should I rinse the almonds/other nuts after soaking because of what is left in the water? I have been a bit confused about this step! This sounds wonderful with the flaked coconut. I have made soaked almond butter, but with coconut oil. Can't wait to make this today!
Posted @ Tuesday, February 26, 2013 7:06 AM by terri
Hi Terri, 
Great question- yes, it is important to rinse almonds with filtered water after soaking to remove any of the salt and other residues left on the nuts. You might find that this almond butter is a bit more dense than the one that you usually make with coconut oil, but I hope you enjoy it!
Posted @ Tuesday, February 26, 2013 7:39 AM by Kayla Grossmann
I usually soak nuts in just plain filtered tap or mountain spring water. Is there a benefit to soaking them in salted or acidic water? Thanks!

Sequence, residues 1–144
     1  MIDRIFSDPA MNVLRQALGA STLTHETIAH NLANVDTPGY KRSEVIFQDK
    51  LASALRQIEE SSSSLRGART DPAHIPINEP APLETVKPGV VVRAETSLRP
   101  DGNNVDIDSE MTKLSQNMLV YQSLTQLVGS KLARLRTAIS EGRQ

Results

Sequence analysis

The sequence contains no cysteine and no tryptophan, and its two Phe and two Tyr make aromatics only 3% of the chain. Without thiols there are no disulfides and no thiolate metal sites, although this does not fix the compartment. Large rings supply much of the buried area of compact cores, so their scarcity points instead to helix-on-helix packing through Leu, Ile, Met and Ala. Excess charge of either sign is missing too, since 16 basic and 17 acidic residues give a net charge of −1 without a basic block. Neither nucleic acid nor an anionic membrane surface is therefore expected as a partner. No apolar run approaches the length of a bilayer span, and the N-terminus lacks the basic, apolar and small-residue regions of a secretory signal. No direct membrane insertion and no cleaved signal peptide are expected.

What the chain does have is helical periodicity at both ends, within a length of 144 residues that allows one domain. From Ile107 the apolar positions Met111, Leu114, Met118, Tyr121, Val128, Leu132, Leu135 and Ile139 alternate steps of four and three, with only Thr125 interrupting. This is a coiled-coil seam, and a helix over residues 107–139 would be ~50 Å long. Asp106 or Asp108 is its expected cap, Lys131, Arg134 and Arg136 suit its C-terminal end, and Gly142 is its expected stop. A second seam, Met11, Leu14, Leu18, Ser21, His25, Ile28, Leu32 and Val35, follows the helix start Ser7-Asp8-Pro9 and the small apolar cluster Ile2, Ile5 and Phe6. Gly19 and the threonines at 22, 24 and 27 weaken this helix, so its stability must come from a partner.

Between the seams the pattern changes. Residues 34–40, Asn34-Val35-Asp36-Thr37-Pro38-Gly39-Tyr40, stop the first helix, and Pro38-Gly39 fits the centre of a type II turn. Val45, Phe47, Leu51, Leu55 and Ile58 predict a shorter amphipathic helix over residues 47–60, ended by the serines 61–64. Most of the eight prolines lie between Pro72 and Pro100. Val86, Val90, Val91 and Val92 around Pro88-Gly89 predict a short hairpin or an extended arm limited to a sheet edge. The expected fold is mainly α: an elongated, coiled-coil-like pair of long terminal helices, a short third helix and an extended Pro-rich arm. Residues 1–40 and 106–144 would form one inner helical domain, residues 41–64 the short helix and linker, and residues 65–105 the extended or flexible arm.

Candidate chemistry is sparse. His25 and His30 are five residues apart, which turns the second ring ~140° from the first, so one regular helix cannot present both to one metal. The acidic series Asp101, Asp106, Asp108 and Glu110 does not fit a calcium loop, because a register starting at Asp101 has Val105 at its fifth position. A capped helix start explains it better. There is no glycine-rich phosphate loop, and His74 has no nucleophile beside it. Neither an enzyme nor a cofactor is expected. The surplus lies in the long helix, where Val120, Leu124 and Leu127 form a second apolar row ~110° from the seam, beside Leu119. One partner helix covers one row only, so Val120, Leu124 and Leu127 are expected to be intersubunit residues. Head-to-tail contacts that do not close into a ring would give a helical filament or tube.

Posted @ Tuesday, February 26, 2013 8:30 PM by mariyam
I had read a recipe on another website that mentioned soaking and drying the almonds beforehand, but stated that it was imperative to add oil or else the dehydrated almonds would not make a butter. I would rather not add anything if I can help it. Is this an issue in your experience?
Posted @ Wednesday, February 27, 2013 1:09 PM by vicki
Hi Mariyam, 
The salt helps to activate the enzymes to neutralize the enzyme inhibitors. It's another step of pre-digestion that many people find helpful.
Posted @ Wednesday, February 27, 2013 5:47 PM by Kayla Grossmann
Hello Vicki, 
I had the same thoughts when I started making nut butters. I've found that it really comes down to how smooth and creamy you want the final product to be. Because I tend to like nut butters that are more gritty and dense, I don't find adding the oil necessary. If you want something that will spread easily, the oil is helpful in keeping it nice and soft. Go ahead and experiment with what works best for you- you can always add some coconut or almond oil if you aren't pleased with the original texture.